Michael Roizen, “The Enforcer” for Mehmet Oz of “Oprah”and “The Dr. Oz Show” fame, wrote on doctoroz.com: “One of the biggest evil influences on our diet is the presence of high-fructose corn syrup (HFCS) ...

“The problem is that HFCS inhibits the secretion of the hormone leptin, which tells your brain that you're full, so you never get the message,” explained Roizen, chief wellness officer at the Cleveland Clinic. “And it never shuts off gherlin (the other main hormone that controls appetite, which stimulates your hunger), so even though you have food in your stomach, you constantly get the message that you're hungry.” Both factors have contributed “enormously” to obesity, he added.

The American Medical Association, however, says HFCS has no more ill effects than cane sugar, and that overconsumption of either is not good.

Meanwhile, Webmd.com has a number of opinions. There are tons of references to HFCS on its Web site. Some cite the lack of conclusive evidence about its harmful effects, while others assert its harmfulness and still others suggest, as does the AMA, that it is no worse than cane sugar. The most dogmatic, however, advises avoiding it at all costs.

Here’s Christine Rosenbloom in an article titled “The Truth Behind 10 Diet Myths.” "There's probably nothing particularly evil about high fructose corn syrup, compared to regular old sugar."

Rosenbloom of Georgia State University (Atlanta) asserts that the myths date to 2003, when researchers noticed a correlation between the rise of obesity with the use of HFCS. "They speculated that ... maybe we handle [high fructose corn syrup] differently than we do sugar … there really isn't any evidence to support that," she stresses.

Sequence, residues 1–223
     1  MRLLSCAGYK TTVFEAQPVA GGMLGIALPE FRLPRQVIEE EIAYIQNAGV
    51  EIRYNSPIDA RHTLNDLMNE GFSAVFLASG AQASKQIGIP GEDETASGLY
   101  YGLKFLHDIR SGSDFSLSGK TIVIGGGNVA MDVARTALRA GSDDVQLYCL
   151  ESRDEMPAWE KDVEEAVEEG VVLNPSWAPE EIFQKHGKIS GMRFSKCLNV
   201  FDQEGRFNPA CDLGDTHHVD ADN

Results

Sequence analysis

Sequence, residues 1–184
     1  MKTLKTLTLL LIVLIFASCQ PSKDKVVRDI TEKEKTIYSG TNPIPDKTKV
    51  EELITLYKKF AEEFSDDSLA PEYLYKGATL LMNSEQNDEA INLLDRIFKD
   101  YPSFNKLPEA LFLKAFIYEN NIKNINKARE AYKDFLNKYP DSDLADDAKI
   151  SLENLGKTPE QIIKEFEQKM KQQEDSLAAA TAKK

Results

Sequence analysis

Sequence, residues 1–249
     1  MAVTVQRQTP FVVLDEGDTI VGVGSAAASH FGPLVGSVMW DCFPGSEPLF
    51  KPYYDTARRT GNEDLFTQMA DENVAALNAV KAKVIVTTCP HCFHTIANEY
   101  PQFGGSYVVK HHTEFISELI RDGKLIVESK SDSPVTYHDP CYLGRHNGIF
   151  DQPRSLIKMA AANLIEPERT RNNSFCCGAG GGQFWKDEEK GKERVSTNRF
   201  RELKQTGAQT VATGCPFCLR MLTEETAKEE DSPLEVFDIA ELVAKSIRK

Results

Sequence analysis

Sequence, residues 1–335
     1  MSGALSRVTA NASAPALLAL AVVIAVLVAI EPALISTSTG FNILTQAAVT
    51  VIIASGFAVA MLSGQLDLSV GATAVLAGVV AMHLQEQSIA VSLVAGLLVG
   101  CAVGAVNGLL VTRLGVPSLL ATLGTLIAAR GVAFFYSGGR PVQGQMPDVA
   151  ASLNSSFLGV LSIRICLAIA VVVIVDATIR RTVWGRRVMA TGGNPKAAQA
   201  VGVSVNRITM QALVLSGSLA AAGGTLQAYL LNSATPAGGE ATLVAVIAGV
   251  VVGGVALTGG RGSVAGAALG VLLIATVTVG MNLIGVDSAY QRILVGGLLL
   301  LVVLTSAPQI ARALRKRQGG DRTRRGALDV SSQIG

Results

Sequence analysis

Christine Gerbstadt, a spokesperson for the American Dietetic Association, is less sanguine. In the article, “What’s Haunting Your Kitchen,” she advises tossing everything that lists high-fructose corn syrup (or other sugars) as the first ingredient. "Sugar is not the evil when you control the amount in your food," says Gerbstadt. "The trouble is that most prepared food contains much more than you would add yourself."

In that same article Inger Stallmann is most unequivocal. The research dietitian with the Georgia Prevention Institute at the Medical College of Georgia says out with all foods containing HFCS.

Amen to that. Staggering anecdotal evidence suggests that virtually all obese people consume a fair amount of HFCS because it is an ingredient in the foods they favor, which are mainly processed. For the Easter cakes, pies, dinner rolls and other foods, why not real sugar – brown cane sugar – in moderation, of course? It's as simple as purchasing those food favorites, such as jelly beans and ice cream, that do not contain HFCS. They are all in the supermarket and often sit right next to each other. If not, management will stock them, especially if it's made clear that these are the only foods for which hard-earned dollars will be allocated.

I chose the ice cream that did not contain HFCS. For the same reason, I opted for the Smucker's strawberry "organic" preserves over the Smucker's peach preserves. As the example of Smucker's illustrates, many companies manufacture a "healthy" and "unhealthy" version of the same product. This is why it is important to read the labels, so keep those reading glasses within reach.

In closing, really, must we have sugar in our salad dressing?

Tomorrow: eggs and flour.

Learn more about any number of medical and nutritional issues at the following Web sites: www.unitedhealthfoundation.org; www.cdc.gov; http://jama.ama-assn.org/; www.doctoroz.com/; www.webmd.com/; http://my.clevelandclinic.org/; http://www.ama-assn.org/; www.eatright.org; www.mcg.edu;www.smuckers.com.

Monday, March 29, 2010

Worshipping in my Spiritual Comfort Zone

HEAD’S UP: Yours Truly is still in North Louisiana trying to be the best patient advocate possible for my ailing Ma Ma. I arrived a few days after Old Girl was admitted to hospital on 31 January in atrocious shape. While much better, she is not yet well enough for me to return to Gotham where there are at least eight million stories. Dutiful daughter that I am, I remain in the southern branch of the family seat. Happily, I do have stories. And I plan to tell them.